The Gravity of My Grief


My mother-in-law of 22 years died last Saturday at 96, as we, her girls, sat vigil.

Her breathing sounds had changed, “wet breathing” they called it. I thought if we could move her onto her side it might release some of the fluid. It is important to use gravity in those circumstances, so as to maintain comfort. Today, four days after her last breath, I yearn for the stability of gravity. My own mother failed me miserably. The choice of alcohol to numb her lifelong depression left few sober moments for me, her only child.

Fierce as I was, I found remarkable women to sustain me.

A line of bright and broken, simple and brilliant, wise and foolish ladies. Women I gravitated to in search and need of motherly love and protection. Women who helped to keep me grounded when her damaged life whirled riptides around my small soul.

Somehow I found them, each different from the other. Some for only a few years, others for all their years remaining. They took me in, they sent me out. They battled for my needs and forced my truths. They taught me by example, both what I should and should not be or do. But always, they steadied the ground beneath my feet and held my heart with care and tenderness.

The stories are long, each passing is painful. But this, this is Elisabeth. A force of life that has been quietly at my side and strong beneath my sometimes trembling feet. In this moment I am free falling, fearful and filled with the gravity of my grief.

And yet, I know the morning will come, when I gather all the lessons of the extraordinary women who have raised me and I will stand up, open the curtains, take a breath and walk surely with each held firmly in my heart.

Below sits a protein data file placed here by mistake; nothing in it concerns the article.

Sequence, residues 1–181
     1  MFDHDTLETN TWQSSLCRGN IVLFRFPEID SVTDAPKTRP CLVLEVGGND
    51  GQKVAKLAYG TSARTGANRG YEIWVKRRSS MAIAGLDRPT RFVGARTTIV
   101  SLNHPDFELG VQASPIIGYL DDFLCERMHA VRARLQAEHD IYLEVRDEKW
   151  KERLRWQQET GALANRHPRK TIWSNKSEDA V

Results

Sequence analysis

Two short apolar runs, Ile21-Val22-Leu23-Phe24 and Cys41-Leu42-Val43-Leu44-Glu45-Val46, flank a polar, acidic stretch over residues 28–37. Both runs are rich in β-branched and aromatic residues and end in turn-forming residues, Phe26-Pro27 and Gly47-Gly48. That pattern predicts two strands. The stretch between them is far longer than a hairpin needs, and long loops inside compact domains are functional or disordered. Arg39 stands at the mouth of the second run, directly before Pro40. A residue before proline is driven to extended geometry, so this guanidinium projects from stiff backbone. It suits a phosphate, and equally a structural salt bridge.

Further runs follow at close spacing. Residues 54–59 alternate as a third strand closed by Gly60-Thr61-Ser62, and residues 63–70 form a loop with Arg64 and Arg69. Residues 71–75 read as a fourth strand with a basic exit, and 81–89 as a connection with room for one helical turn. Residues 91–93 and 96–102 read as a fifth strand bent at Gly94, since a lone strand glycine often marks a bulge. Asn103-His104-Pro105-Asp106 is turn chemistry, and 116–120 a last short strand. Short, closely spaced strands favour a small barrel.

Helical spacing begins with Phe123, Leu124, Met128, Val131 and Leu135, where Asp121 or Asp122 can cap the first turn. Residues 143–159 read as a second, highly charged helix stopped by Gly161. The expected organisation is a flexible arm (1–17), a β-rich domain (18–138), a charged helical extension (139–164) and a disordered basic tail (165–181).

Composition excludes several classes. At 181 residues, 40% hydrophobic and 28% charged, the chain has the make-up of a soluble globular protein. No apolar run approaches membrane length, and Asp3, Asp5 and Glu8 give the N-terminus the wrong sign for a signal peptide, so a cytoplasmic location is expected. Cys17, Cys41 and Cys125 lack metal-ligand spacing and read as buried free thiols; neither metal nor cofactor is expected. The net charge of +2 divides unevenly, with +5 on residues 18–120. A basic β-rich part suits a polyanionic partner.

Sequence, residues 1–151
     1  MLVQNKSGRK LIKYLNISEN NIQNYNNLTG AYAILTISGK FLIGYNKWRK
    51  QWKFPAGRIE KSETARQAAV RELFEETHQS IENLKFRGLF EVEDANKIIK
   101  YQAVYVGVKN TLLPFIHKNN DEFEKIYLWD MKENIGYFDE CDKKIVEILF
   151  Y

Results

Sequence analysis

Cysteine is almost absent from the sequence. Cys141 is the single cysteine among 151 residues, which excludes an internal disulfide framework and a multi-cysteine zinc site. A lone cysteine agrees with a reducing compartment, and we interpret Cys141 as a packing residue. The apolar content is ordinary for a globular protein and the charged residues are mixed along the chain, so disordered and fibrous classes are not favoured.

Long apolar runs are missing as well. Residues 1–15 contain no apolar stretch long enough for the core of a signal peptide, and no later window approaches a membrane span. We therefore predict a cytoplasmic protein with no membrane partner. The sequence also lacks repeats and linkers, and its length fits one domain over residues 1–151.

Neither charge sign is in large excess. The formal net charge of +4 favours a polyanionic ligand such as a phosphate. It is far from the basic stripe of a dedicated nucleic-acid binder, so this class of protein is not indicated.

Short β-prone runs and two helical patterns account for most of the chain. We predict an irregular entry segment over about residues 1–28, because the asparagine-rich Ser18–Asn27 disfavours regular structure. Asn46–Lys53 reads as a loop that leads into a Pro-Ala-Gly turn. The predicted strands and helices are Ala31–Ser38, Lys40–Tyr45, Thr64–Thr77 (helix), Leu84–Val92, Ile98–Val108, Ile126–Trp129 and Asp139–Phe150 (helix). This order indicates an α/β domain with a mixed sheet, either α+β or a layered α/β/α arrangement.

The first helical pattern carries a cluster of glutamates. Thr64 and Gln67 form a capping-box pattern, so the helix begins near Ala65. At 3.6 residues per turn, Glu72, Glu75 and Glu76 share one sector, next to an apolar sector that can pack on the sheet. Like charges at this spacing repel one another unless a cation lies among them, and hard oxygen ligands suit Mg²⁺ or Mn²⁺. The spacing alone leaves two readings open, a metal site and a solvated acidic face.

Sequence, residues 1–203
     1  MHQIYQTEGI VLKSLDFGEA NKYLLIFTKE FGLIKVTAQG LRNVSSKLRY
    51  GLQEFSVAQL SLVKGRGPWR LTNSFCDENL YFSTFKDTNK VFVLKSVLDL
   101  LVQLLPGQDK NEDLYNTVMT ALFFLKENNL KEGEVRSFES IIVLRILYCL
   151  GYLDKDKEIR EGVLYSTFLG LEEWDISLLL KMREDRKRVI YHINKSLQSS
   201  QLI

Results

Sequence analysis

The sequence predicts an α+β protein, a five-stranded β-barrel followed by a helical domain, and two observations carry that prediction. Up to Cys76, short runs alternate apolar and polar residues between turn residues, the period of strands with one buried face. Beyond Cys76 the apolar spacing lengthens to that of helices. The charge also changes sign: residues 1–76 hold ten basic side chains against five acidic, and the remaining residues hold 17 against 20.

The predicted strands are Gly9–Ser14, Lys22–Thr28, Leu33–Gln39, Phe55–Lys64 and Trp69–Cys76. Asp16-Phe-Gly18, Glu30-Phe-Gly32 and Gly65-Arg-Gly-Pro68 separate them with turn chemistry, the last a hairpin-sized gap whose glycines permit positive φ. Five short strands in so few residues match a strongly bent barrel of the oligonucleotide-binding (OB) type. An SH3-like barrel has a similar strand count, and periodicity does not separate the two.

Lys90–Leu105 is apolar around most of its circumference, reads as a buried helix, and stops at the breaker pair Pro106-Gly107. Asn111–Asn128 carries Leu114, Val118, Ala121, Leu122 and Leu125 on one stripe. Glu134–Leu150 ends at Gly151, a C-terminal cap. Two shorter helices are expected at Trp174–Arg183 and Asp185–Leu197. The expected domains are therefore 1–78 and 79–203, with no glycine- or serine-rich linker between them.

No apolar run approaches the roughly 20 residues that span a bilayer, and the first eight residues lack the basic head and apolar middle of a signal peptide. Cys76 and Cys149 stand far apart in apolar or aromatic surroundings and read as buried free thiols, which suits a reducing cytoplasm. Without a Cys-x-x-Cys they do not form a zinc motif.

We want to hear your story. Become a Mighty contributor here.

Getty image via LightFieldStudios


Find this story helpful? Share it with someone you care about.


Related to Grief

digital painting of girl in love with glowing heart, acrylic sketched on canvas texture

5 Ways to Cope When the Anniversary of a Loved One Who's Passed Approaches

Let’s take a moment to talk about the date that comes around every year like clockwork. A date you cannot hide from. You can’t bury it like other aspects of grief because no matter what the date will appear each year. Every year on April 11th, is the angelversary of the day my brother was killed. “Angelversary” [...]
A picture of the author's brother and son.

When My Son Asked Me, 'Mommy, How Far Away Is Heaven?'

Chancellor and I were in Estes Park for the 4th of July last year just like I had spent almost every 4th of July since I was a little girl. I have very blissful memories of Alex and I running around Lake Estes and having KFC picnics with our parents and their good friends Patty [...]
Vintage filtered on silhouette of depressed girl sitting on the window

What Grief Steals From Me Every Day

I live with a thief. It started the day that death broke into our home. I thought I had the doors locked tightly against him, but he managed to get in anyway. Death is a well-known thief, and in our family, he targeted my son. He stole everything from our 5-year-old. It’s a sleazy trick [...]
woman crying in shower

Confessions From My Shower: Coming Clean About My Grief

There are personal spaces where grievers feel safe and secure enough to expose our open wounds. Within these spaces we express our raw, ravaged souls. We grieve alone, hidden in the safety of these places where no one can see us. These private, some not so private places were and still are inescapable. Whether encapsulated [...]